UTA researcher’s data on Brays Bayou helps Houston area prepare, initiate effective emergency plans
A University of Texas at Arlington civil and environmental engineer is using his radar-based flood warning system to provide data for emergency planners to help make those plans more effective.
Nick Fang, UTA assistant professor of civil engineering, developed the radar-based flood warning system for Rice University and Texas Medical Center before joining UTA. Fang earned his doctorate in civil and environmental engineering at Rice University, which is where he developed the warning system.
Rice University and Texas Medical Center officials asked Fang to provide inundation updates for Brays Bayou, the Rice campus and the Texas Medical Center based on the estimated rainfall – between 7 and 20 inches – from the National Oceanic and Atmospheric Administration or NOAA so that they can better prepare and initiate effective emergency plans. In addition, the U.S. Army Corps of Engineers, the State Operations Center and the Texas Division of Emergency Management for state emergency operations are also using Fang’s data.
Fang is having conference calls with the emergency personnel at 10 a.m. every day to coordinate the mapping for 22 watersheds in Harris County until the event dissipates.
“The provided information will enable them to better understand the impact and consequences from a most powerful natural disaster – Hurricane Harvey – and plan any effective measures properly,” Fang said. “The impact from Harvey is just unprecedented in Texas.”
In addition, Fang said UTA has partnered with Rice and Texas A&M University at Galveston to understand coastal erosion and how such an event affects coastal ecological systems.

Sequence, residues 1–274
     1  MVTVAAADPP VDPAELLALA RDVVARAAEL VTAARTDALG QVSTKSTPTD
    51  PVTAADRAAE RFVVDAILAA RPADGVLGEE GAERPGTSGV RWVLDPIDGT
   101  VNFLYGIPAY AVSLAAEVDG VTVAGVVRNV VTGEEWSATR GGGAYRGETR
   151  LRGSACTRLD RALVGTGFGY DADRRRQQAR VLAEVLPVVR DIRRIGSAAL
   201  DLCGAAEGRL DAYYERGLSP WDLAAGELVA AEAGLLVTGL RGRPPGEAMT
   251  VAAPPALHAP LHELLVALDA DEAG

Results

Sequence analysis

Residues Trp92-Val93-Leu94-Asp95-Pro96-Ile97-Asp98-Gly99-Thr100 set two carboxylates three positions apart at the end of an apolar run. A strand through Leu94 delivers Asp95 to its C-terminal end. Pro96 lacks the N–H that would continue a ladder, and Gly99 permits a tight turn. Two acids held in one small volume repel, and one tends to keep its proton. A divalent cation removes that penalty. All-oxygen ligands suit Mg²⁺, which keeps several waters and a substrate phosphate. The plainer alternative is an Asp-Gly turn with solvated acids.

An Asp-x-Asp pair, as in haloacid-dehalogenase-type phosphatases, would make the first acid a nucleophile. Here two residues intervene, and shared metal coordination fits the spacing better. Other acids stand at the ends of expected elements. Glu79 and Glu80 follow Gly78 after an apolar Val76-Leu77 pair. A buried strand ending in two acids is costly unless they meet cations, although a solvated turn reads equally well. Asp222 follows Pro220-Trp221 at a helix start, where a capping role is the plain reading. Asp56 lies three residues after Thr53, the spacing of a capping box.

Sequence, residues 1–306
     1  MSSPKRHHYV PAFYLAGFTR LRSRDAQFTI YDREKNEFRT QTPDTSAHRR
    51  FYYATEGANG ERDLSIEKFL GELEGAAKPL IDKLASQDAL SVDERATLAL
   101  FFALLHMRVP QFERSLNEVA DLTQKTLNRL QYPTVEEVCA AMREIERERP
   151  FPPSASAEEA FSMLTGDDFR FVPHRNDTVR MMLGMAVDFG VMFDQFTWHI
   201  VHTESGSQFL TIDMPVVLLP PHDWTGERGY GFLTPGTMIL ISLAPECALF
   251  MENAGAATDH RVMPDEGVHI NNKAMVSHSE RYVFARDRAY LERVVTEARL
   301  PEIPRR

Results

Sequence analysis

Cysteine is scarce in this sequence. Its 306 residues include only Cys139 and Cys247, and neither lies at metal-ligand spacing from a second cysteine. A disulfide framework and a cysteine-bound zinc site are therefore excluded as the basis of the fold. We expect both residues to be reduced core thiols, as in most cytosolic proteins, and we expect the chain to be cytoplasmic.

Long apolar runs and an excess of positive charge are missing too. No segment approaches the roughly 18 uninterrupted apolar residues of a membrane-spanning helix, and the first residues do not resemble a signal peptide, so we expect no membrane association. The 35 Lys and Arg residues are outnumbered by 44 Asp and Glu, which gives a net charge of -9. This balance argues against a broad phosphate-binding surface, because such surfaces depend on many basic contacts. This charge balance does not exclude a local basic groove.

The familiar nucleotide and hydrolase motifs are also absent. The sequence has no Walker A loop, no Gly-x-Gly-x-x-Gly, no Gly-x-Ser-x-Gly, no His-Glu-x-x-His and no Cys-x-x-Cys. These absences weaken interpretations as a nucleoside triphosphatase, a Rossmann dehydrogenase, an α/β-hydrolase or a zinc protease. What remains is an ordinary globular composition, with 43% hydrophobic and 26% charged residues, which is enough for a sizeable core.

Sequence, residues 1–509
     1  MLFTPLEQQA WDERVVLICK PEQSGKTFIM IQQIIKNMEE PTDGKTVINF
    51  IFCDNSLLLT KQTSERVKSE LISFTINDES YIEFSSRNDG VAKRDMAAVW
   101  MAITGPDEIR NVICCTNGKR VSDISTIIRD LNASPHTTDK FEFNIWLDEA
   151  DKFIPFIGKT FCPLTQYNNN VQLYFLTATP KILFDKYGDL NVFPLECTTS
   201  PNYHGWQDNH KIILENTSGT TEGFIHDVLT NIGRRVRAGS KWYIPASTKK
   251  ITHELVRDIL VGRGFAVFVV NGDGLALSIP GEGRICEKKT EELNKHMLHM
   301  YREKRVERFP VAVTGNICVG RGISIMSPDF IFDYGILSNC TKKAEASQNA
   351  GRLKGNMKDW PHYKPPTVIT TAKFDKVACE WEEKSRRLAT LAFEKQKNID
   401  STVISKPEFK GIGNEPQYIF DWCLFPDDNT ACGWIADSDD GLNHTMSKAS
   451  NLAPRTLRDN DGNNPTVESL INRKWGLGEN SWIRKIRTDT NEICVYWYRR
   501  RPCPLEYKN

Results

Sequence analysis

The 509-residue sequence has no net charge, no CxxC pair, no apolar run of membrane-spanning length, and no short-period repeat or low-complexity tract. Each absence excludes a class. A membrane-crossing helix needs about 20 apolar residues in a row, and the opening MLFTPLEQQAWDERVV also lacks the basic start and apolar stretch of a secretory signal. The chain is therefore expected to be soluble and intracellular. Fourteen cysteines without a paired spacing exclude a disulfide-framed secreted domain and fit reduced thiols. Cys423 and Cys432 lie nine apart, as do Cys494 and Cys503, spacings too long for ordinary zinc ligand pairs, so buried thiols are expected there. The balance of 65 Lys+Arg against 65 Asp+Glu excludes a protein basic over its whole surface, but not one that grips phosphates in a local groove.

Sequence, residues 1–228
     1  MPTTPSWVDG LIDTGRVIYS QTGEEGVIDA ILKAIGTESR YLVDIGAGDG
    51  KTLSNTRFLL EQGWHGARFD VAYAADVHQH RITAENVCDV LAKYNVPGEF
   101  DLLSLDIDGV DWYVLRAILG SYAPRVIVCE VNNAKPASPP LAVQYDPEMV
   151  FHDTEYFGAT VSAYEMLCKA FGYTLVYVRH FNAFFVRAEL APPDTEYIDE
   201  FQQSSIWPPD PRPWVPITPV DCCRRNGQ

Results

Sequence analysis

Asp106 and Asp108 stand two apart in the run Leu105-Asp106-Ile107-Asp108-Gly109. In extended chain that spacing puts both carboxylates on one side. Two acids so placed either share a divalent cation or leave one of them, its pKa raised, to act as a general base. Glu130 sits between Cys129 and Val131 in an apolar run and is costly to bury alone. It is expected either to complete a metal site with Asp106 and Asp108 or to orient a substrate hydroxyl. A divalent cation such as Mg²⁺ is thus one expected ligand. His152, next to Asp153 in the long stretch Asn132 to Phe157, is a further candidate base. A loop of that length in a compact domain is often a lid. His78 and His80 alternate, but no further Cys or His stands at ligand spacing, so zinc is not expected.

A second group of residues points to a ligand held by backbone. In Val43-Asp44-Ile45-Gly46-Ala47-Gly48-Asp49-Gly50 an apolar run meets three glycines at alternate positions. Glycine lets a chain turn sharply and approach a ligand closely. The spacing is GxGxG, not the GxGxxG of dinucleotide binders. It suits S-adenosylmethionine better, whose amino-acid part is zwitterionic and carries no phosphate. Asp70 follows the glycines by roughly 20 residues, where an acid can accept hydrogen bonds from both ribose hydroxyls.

“We are using our MavAir fleet of unmanned aerial vehicles to collect coastal terrain and vegetation data,” Fang said. “The fleet is equipped with several state-of-the-art sensors that can collect imagery in the visible, near infrared and longwave near-infrared or thermal spectrums enabling us to classify different coastal vegetation types efficiently and effectively.”
Fang also said that high-resolution digital elevation models will be obtained by the UAVs for the study.
Fang and his team have been working with the Severe Storm Prediction, Education, and Evacuation from Disasters or SSPEED Center to study natural hazards’ impacts on Texas Coastal communities and work closely on flood mitigation and warning for the region.
The SSPEED Center is a multi-party research collaborative located at Rice. In addition to Fang and Rice professors, researchers hail from University of Houston, University of Texas at Austin, University of Texas Rio Grande Valley, Texas A&M University, Texas Southern University, LSU and Vieux Inc.
Initial pre-disaster flights were conducted Aug. 23-24 in Brazoria and Galveston counties, along Galveston and Follet’s Islands.
“We believe that we were the first and may be the only group collecting the data near the landfall location before Hurricane Harvey hit,” Fang said.
The team will revisit the same sites after the event to better understand the long-term erosion trends to the shoreline, barrier islands and delta morphologies which may reveal vulnerabilities of those infrastructures.
“The outcomes from this research will provide significant insight into coastal ecosystems and erosion during and after the natural disaster – timely and effectively,” Fang said.